Improved DNA tech could replace antibodies in detecting and treating diseases
A team of
researchers from the Institute of Bioengineering and Nanotechnology
at the Agency for Science, Technology and Research (A*STAR) has
worked to develop an efficient technology that uses DNA to detect and
treat infectious diseases. Improving upon an existing method, the
research makes use of single-stranded DNA molecules called aptamers,
and it could be used to treat cancer.
Aptamers are good candidates for the development of new treatments, as they have an innate ability to bind to any molecule they're targeted at, including cancer cells and bacteria. Once bound to a target, the aptamer inhibits its activity, eliminating the threat it poses to the host.
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While aptamers are useful for both detecting and treating dangerous conditions, they suffer from two issues that stop them from being as effective as they could be. Firstly, the bonds they form with target molecules are usually too weak to be effective, and they're easily digested by enzymes. These two problems have been a barrier to getting aptamers approved for clinical use.
The A*STAR researchers decided to tackle these exact problems. Firstly, they added an artificial component, referred to as an unnatural base, to a standard aptamer, increasing its ability bind to target molecules. A second addition was then made in the form of a small DNA, known as mini hairpin DNA. With a particularly stable and compact structure, the component is very resistant to digestion, allowing the aptamer to reside in the system for days instead of hours.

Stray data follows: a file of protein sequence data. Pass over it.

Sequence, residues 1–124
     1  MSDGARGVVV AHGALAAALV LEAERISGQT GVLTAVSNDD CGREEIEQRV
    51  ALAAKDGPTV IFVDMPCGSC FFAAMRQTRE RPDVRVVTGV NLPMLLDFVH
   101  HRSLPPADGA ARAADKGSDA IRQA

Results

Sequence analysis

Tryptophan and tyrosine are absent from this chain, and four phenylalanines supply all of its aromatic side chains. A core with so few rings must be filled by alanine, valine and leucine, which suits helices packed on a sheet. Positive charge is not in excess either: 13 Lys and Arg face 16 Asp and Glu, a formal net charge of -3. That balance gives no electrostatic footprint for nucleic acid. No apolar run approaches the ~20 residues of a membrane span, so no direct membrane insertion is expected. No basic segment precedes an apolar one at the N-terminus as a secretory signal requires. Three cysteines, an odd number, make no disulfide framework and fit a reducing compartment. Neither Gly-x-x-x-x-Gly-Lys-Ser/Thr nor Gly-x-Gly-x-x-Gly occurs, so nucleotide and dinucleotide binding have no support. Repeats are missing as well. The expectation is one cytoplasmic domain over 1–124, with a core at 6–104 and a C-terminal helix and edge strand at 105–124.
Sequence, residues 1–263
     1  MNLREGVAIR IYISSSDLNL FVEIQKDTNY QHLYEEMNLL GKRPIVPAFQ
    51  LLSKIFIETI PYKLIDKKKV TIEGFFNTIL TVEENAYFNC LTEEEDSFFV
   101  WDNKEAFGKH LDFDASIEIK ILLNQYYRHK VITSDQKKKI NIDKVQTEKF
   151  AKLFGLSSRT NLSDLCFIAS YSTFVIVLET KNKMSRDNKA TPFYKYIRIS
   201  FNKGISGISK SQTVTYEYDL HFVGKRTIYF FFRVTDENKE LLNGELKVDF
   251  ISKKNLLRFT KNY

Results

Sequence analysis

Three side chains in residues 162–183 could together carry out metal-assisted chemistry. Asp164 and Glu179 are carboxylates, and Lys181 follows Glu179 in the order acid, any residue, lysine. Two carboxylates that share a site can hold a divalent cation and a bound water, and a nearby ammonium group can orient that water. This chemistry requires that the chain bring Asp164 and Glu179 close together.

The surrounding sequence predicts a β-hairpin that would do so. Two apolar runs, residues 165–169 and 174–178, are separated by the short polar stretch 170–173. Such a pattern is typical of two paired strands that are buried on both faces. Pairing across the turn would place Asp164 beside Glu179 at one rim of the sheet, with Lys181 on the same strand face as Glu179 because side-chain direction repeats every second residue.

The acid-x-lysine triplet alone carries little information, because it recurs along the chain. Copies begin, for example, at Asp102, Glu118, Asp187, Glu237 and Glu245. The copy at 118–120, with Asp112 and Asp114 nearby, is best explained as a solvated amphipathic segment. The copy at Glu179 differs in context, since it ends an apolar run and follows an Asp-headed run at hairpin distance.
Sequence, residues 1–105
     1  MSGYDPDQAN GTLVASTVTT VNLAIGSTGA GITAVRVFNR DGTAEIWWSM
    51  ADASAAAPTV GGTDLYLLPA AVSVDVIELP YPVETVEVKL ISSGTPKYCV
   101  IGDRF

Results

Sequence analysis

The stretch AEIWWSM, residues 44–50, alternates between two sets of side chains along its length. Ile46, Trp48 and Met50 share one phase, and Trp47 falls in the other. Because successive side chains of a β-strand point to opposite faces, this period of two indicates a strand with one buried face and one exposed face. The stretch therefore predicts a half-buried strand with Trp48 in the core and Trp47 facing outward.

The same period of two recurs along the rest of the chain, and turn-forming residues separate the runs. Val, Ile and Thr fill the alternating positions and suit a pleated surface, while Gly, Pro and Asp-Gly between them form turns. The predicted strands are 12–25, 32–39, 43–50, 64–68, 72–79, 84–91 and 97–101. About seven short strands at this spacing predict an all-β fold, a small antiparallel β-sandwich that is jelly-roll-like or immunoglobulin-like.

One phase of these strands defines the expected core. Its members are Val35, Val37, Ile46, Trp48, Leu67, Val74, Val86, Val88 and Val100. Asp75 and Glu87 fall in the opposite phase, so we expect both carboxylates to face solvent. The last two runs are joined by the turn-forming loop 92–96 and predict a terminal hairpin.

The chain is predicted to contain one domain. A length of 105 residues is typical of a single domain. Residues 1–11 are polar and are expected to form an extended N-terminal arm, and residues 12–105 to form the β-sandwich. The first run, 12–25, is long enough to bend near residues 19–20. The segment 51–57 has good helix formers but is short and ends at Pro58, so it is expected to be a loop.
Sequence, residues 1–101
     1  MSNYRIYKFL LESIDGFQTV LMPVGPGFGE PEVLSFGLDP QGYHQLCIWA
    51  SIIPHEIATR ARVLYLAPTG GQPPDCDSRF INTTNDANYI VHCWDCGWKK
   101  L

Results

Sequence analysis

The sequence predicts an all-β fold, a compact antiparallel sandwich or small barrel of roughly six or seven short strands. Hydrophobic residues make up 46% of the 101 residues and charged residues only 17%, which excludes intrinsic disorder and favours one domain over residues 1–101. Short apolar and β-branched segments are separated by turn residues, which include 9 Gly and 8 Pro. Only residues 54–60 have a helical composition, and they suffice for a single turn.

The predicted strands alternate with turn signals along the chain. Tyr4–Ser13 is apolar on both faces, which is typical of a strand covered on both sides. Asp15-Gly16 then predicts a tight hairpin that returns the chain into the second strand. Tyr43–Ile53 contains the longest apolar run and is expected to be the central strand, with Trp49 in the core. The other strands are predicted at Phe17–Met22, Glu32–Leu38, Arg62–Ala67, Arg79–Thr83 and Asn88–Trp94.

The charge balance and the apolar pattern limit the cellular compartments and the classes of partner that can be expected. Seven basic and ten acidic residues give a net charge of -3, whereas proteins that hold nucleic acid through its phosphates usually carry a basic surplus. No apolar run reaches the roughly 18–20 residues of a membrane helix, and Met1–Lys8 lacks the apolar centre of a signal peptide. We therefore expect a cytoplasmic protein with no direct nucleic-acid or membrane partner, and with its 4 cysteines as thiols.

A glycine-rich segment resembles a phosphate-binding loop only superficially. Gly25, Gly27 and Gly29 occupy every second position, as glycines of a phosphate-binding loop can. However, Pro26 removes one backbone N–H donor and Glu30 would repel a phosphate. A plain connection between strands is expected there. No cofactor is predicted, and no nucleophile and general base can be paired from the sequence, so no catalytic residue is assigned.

With the two major issues with DNA aptamers addressed, it's possible that they could one day replace antibodies for disease targeting. Antibodies bind to their targets in the same way as aptamers, but unlike the pioneering DNA technology, they can give rise to undesirable immune responses, and aren't as easy to produce in large quantities at high quality.
"Our aptamers are more efficient, and lower in cost and toxicity compared to conventional methods," said team member Dr Hirao. "The next step of our research is to use the aptamers to detect and deactivate target molecules and cells that cause infectious diseases, such as dengue, malaria and Methicillin-resistant Staphylococcus aureus, as well as cancer."
The findings of the work were published in the journal Scientific Reports.